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Spokane, Washington  Est. May 19, 1883
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Interplayers’ ‘Sisters’ accentuates the positive

From left, Jennifer Jacobs, Abbey Crawford and Renei Yarrow play the Andrews Sisters in the Interplayers production of “Sisters of Swing.” (Jesse Tinsley)
From left, Jennifer Jacobs, Abbey Crawford and Renei Yarrow play the Andrews Sisters in the Interplayers production of “Sisters of Swing.” (Jesse Tinsley) Buy this photo

LaVerne, Maxene and Patty were, to their generation, like John, Paul, George and Ringo.

It’s hard to overstate the impact of the Andrews Sisters on American culture in the 1930s and 1940s. Even today, they remain “the biggest girl group ever,” with more than 60 million records sold, according to the Penguin Encyclopedia of Popular Music.

The Interplayers Professional Theatre’s production of “Sisters of Swing: The Story of the Andrews Sisters” tells their story, beginning with their Minnesota roots and through their stormy dissolution. Interplayers artistic director Reed McColm calls it a “musical biography,” told through dialogue and through a lengthy list of Andrews Sisters hits.

And what hits. They include “Boogie Woogie Bugle Boy,” “Don’t Sit Under the Apple Tree,” “Rum and Coca-Cola,” “Three Little Fishies,” “Ac-Cent-Tchu-Ate the Positive,” and “Bei Mir Bist du Schön.”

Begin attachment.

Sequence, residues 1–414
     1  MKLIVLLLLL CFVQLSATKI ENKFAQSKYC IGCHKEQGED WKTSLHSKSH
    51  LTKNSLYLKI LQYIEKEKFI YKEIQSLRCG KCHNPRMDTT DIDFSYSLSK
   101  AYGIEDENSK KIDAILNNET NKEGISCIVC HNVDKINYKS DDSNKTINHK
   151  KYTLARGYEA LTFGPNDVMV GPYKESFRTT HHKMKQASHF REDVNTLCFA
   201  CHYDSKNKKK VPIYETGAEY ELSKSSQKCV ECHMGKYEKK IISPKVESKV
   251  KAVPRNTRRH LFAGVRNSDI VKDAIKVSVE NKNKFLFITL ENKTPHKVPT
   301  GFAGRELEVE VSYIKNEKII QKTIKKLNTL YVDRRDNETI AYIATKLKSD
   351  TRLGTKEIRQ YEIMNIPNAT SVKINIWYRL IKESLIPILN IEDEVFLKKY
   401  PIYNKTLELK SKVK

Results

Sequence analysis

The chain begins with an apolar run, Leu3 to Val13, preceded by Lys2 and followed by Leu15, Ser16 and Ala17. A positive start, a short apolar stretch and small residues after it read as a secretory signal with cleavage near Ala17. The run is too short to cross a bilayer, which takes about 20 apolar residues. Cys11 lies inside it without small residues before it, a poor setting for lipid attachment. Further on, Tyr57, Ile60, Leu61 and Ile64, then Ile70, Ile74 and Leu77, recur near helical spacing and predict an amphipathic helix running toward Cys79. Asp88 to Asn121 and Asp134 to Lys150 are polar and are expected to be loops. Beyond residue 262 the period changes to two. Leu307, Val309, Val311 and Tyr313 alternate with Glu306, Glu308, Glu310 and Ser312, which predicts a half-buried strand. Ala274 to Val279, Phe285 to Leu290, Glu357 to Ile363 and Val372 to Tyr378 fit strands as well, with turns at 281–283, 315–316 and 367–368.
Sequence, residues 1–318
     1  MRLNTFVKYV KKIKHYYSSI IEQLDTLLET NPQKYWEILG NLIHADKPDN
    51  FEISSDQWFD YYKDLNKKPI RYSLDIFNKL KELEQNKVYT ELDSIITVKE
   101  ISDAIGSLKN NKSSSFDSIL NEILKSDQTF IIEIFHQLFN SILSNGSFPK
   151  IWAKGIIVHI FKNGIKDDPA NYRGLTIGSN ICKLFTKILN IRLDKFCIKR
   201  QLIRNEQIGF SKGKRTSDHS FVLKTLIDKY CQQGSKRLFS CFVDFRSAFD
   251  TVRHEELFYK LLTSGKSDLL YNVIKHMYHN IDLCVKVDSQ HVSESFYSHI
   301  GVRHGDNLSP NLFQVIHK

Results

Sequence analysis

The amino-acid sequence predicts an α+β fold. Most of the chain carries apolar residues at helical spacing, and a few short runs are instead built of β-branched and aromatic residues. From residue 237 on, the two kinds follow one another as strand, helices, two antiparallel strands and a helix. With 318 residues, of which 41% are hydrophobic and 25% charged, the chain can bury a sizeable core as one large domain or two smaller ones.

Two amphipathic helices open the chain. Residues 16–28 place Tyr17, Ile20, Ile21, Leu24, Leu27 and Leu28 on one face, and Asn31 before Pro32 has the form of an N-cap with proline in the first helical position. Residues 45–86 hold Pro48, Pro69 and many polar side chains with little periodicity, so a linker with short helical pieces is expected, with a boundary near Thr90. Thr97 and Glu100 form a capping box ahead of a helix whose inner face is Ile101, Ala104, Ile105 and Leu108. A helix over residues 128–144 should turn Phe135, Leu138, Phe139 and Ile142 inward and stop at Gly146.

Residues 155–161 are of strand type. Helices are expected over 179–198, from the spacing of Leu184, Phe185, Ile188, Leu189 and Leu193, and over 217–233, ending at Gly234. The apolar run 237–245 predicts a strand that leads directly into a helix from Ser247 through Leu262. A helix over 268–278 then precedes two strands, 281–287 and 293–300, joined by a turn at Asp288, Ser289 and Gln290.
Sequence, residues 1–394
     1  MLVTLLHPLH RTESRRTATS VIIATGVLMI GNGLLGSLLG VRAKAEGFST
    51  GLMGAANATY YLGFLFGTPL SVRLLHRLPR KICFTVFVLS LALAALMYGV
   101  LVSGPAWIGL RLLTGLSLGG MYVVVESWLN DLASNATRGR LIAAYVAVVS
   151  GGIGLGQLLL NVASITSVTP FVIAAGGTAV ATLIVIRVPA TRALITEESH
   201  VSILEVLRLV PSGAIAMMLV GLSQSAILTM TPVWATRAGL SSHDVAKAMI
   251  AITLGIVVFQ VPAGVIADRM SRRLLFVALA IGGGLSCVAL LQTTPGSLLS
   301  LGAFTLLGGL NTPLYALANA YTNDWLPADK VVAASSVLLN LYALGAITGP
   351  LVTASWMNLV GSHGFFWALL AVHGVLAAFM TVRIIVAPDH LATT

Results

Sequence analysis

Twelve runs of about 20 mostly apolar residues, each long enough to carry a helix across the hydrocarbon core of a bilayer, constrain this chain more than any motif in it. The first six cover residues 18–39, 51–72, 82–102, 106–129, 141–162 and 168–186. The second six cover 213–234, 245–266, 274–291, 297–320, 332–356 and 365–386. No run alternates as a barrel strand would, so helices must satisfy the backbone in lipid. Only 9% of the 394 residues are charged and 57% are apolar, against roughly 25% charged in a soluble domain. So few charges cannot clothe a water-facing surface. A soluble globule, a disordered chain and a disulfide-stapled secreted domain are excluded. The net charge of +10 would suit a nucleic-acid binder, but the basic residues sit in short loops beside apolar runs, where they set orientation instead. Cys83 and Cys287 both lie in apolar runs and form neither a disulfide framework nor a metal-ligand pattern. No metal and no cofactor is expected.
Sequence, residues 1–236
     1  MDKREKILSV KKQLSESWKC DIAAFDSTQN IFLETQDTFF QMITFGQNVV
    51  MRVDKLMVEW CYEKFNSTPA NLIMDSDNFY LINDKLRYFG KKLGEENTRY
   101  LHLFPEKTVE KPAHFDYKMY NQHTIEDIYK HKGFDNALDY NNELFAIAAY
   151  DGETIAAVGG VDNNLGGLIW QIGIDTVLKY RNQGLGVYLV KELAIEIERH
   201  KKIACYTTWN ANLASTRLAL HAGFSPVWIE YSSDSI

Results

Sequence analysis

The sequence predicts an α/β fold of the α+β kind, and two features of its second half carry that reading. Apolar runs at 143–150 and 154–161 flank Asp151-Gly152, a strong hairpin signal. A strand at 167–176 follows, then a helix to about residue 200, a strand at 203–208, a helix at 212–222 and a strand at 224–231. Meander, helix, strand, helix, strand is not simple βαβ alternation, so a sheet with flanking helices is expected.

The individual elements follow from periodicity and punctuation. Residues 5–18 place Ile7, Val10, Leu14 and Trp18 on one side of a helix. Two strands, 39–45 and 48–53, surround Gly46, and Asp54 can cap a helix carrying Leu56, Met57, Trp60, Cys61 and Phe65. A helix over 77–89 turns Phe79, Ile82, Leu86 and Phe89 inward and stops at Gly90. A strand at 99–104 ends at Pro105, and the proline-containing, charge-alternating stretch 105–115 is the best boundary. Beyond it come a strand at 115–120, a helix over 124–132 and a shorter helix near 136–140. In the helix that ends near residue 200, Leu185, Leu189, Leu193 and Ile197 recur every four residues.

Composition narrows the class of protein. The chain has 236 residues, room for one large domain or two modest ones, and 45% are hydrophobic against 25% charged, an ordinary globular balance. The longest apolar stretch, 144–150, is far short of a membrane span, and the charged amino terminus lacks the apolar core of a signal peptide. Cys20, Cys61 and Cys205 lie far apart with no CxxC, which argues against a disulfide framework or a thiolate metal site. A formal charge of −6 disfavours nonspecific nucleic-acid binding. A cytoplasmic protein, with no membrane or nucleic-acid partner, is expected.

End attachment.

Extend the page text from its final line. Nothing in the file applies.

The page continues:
They’ll be sung by the Interplayers’ own versions of LaVerne, Maxene and Patty: Jennifer Jacobs, Renei Yarrow and Abbey Crawford.

Crawford, Spokane’s best-known cabaret singer, does double duty in this show. She’s also the director.

“Abbey is a force to be reckoned with; a walking tsunami,” said McColm. “She knows the Andrews Sisters inside and out.”

They’ll be accompanied by a three-piece onstage combo led by pianist Jim Ryan, who will portray Vic Schoen, the sisters’ longtime accompanist. Patrick Treadway will play 30 different roles, including Bing Crosby, Danny Kaye, Carmen Miranda (!), a train conductor and all of the Andrews Sisters’ husbands.

The show was written by Beth Gilleland and Bob Beverage and debuted in St. Paul in 2002. It portrays the sisters’ determined climb to stardom.

“They were tenacious about it,” McColm said.

They were huge stars by 1937. But it was the World War II years that cemented their place in the hearts of Americans at home and abroad.

“They did not create the USO, but they did re-energize it,” said McColm.

They toured constantly and entertained troops in America, Africa and Europe. Today, their tunes evoke instant nostalgia.

The Andrews Sisters’ music continues to be popular – as evidenced by the strong sales for this Interplayers show. McColm said tickets are selling so well the theater is looking at a possible extension beyond the Dec. 17 closing date.

A strong-selling show is exactly what the financially beleaguered Interplayers needs right now. Interplayers, a Spokane theater institution since 1980, has been struggling for years with financial difficulties, which have recently become even more pressing.

Meanwhile, theatergoers who want more insight into the Andrews Sisters can attend one of three talk-back sessions with Crawford and the other actors, after the performances on Dec. 1, 7 and 15.

In keeping with the World War II theme, the Dec. 7 performance will be dedicated to the Honor Flight program, a nonprofit organization that sends veterans to Washington, D.C., to tour the war memorials. Donations will be accepted during the performance.

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